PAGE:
Market Orders in Stock Trading

A market order is a buy or sell order to be executed
by the broker immediately at current market
prices. As long as there are willing sellers and
buyers, a market order will be filled. A market
order is the simplest of the order types. Once the
order is placed, the customer has no control
over the price at which the transaction is executed.


A market order is simply instruction given to you from your broker as to whether you should buy or sell a certain stock at that very moment for the best price possible. Because a market order guarantees execution, either buying or selling stock, it offers brokers low commissions because of the minimal work that is involved. You have to be careful with market orders on stocks that have a low daily volume, meaning that a certain stock does not increase very much daily, therefore, when you sell it, the profit that you gain, if any, would not match that of what you, in fact, bought each stock for. Therefore, you should feel more secure using a market order on stocks such as Microsoft that steadily increase on a daily basis.

As with all orders, there are advantages and disadvantages to the market order. Focusing on one specific advantage, you are virtually guaranteed that your order will be executed, pending that there are willing buyers and sellers available who are interested in your particular stock. For example, you own 100 shares of stock from Borden, a dairy product provider, from which you have received a steady increase in profits. You broker, however, informs you that it would be a wise decision to sell those 100 stocks in Borden in order to purchase stocks from Wal-Mart because those stocks are producing 47% higher profits than the stocks from Borden. Your broker also informs you that there are several people available who would like to buy your stocks in Borden, so you must make the decision immediately as to whether you would like to sell your stocks. You agree due to the higher percentage in profit that Wal-Mart stocks provide, and immediately your stocks are sold due to the fact that people are waiting to purchase them.

A main disadvantage with a market order is that the price you pay when the actual purchase transaction takes place may not be the initial quote that was given to you by your broker. For example, your broker contacts you and says that Microsoft Corporation is offering a tremendous deal on their stocks in which you are able to purchase one share of stock for $25.00. You quickly agree to purchase 100 shares of stock and before the broker has time to put the order into the computer, the price of the Microsoft stock has increased to $50.00 per share. Rather than contacting you about the cheap price of Microsoft stocks, your trusted broker should have simply purchased the stock at the moment to ensure that you would receive the lower purchasing price. So, it is typically better, when you invest in larger corporations to have your broker instantaneously make decisions that will gain profit for you in the long-run.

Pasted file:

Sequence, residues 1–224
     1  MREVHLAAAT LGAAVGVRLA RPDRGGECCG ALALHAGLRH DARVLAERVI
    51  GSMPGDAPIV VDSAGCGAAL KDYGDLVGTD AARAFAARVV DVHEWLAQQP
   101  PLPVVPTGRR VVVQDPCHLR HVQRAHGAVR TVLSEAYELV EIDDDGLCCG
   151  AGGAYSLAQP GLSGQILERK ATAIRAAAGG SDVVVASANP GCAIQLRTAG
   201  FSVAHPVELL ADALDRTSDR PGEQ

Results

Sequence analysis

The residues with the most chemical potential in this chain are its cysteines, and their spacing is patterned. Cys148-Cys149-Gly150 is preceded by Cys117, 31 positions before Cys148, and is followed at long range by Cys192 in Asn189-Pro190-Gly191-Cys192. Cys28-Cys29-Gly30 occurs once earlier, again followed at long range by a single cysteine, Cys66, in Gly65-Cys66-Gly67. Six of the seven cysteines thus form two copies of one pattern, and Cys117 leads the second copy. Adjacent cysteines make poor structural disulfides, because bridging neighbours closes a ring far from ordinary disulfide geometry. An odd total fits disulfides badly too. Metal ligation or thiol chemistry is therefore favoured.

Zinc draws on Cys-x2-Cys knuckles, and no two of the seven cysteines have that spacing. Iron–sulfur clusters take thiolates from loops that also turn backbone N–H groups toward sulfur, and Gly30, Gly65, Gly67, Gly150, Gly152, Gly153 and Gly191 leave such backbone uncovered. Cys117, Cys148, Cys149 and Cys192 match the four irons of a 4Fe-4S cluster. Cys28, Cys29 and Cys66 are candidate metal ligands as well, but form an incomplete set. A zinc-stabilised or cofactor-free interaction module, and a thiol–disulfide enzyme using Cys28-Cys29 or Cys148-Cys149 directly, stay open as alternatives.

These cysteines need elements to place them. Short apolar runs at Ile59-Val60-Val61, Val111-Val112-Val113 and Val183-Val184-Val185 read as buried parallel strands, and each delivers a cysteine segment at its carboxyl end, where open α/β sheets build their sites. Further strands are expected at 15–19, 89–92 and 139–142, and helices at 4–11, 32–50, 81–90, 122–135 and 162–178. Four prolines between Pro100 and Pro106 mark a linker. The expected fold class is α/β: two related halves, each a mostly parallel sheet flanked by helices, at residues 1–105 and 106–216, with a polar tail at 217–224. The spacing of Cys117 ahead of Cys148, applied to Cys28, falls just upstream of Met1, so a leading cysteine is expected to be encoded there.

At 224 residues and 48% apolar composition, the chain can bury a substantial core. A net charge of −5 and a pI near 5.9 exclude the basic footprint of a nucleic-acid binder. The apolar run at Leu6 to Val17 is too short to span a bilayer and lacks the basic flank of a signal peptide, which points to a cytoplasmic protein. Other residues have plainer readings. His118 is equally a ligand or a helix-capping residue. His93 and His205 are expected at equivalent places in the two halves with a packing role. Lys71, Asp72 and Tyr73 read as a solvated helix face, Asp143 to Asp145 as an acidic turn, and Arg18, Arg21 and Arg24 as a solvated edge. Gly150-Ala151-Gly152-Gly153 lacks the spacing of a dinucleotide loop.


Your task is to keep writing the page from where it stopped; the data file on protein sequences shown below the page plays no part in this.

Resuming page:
That being said, the absolute best time to execute a market order is when low volumes of shares from a particular company are not gaining any profit, pending that people are waiting to buy that particular company’s shares of stock. For instance, you own 10 shares of stock in Best Buy, an electronics company, but you don’t feel that you are gaining enough profit from it. So, you contact your broker for a consultation. After the consultation, you realize that if you sold your 10 shares of stock from Best Buy and bought just 5 shares of stock in J.C. Penny, a department store, your profits would increase by 39%. Plus, there are eager buyers available to purchase your Best Buy stocks for 25% more than you paid for them. (If you paid $1500 per Best Buy share, people are currently waiting to buy them for $1875. That’s an $1875 profit that you could use to purchase even more stock in J.C. Penny in order to increase you earnings!) Just remember as with any stock market transaction, there is a certain amount of risk involved.

Becoming more educated about exactly how the stock market functions will help to reduce the amount of risk you take with you stocks if you are the type of person who is not a risk taker.

Market orders have great potential to work totally at your advantage if you have a trust-worthy broker in which you secure all your money transactions. As with any stock market transaction, it takes a genuine relationship with your stockbroker to ensure gains in profit as well as reduced stress about investing your money into such a fluctuating financial market.


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